Delay in distribution of a trust estate was the issue involved in a recent Indiana Court of Appeals case. Harrison Eiteljorg’s will had provided a trust for his widow, Sonja Eiteljorg. When she died in 2003, the trust was to be divided into two shares — one each for Harrison’s sons Nick and Jack. Nick, a stepson and Harrison’s accountant were the co-trustees.

The trust was large — it held about $13 million of assets. That meant that an estate tax return had to be filed, and taxes totaling $6.2 million paid (remember that in 2003 tax was imposed on estates greater than $1 million). That was accomplished by late 2004, but the trustees were worried about closing out the estate and distributing the remaining assets. What would they do if the IRS disagreed with their calculations of values and imposed an additional tax liability.

At a heated meeting between the co-trustees and the two sons, Nick demanded a partial distribution of $2 million (half each to himself and Jack). The other trustees declined, saying that they worried that additional tax of up to $2 million might be imposed, and a distribution as large as Nick wanted would leave the trust with too little cash if that happened. They proposed instead to distribute $1 million to the two sons. Nick and Jack left the meeting without agreeing, and both sides hired new lawyers to battle out the timing and amount of a distribution.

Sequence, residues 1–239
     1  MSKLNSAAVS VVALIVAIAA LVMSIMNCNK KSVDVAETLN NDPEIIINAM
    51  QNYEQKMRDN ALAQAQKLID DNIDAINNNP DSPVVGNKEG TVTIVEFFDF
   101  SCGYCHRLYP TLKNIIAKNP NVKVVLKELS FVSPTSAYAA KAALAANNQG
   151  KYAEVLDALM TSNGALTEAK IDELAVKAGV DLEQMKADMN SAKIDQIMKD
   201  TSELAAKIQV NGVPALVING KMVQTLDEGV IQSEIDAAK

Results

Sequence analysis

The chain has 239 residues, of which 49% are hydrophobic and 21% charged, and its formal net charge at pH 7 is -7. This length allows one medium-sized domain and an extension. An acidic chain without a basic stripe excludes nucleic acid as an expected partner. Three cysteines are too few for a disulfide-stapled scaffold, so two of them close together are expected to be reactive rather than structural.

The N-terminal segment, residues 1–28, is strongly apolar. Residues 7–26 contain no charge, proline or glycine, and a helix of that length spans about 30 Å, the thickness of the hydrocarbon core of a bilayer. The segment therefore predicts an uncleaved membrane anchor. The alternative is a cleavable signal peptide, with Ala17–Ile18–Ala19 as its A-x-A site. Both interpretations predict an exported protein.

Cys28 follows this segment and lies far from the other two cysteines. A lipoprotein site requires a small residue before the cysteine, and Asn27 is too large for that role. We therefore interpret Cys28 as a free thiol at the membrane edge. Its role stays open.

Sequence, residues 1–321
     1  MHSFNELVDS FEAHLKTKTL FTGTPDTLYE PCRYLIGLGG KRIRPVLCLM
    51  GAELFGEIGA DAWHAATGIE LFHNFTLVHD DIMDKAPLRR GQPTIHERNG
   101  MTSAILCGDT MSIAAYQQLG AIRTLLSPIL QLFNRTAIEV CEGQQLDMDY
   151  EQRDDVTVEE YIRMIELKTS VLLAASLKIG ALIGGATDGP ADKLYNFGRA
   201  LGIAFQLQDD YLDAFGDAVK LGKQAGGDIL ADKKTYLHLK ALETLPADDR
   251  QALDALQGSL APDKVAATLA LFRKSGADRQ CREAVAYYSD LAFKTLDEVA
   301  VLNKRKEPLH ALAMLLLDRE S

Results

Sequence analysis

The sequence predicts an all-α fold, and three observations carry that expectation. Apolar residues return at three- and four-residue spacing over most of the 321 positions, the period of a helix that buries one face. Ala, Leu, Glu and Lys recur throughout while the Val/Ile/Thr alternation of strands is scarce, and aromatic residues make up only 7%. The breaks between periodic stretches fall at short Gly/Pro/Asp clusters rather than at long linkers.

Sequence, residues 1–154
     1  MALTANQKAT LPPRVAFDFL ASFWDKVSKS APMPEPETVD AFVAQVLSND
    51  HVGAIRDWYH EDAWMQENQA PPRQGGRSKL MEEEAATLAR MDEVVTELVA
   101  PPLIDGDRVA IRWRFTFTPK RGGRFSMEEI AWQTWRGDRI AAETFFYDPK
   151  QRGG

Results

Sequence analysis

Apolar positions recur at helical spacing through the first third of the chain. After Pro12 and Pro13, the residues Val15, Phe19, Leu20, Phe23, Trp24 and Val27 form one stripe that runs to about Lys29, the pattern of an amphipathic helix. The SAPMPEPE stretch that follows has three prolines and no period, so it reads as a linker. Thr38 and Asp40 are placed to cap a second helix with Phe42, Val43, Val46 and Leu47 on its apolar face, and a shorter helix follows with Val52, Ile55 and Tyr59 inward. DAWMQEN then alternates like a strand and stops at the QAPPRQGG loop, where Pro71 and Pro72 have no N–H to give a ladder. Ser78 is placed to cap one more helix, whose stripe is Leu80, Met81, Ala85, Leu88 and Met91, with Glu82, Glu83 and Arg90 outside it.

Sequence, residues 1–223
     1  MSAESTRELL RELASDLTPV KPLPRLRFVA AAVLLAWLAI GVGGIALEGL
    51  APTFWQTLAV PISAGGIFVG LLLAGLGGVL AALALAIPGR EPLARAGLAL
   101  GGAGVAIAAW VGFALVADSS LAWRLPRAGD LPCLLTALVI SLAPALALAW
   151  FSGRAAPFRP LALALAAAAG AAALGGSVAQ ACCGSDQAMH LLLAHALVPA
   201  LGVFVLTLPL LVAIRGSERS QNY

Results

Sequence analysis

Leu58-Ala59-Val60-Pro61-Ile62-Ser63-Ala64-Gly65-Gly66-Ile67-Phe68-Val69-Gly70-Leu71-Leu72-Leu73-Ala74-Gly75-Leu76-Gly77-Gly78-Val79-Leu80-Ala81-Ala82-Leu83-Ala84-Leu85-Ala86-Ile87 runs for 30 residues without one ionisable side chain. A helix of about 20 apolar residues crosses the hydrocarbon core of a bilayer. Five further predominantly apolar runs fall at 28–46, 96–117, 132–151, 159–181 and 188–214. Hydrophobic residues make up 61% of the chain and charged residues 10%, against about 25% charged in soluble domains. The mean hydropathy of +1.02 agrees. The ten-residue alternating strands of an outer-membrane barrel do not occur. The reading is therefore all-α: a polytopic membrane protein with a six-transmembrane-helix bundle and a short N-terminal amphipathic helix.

A few months later Nick and Jack filed a petition with the Indiana probate court asking for removal of the co-trustees and entry of a judgment against them. Their argument: there was no reason not to distribute the requested $2 million when demanded, and failure to do so breached the trustees’ duty to the beneficiaries. The trustees answered, arguing that they needed to retain substantial liquidity until the IRS finally accepted the estate tax return (or imposed additional tax liability, if that was to be the outcome).

About a year after their original demand for partial distribution, Jack and Nick secured an order from the probate judge requiring that $1.5 million be divided between them. The co-trustees complied. The court proceedings then shifted gears to address a two-part question: did the delay in distribution amount to a breach of fiduciary duty, and (if it did) what were the damages due to Nick and Jack?

The probate judge found that the delay did amount to a breach of fiduciary duty. Nick testified that he would have put his distribution into two mutual funds, and that it would have grown significantly during the months he was deprived of its use. Jack testified that he had planned to purchase real estate in Texas, and that it would have appreciated. In addition, Nick and Jack had incurred attorneys fees totaling $403,612.81.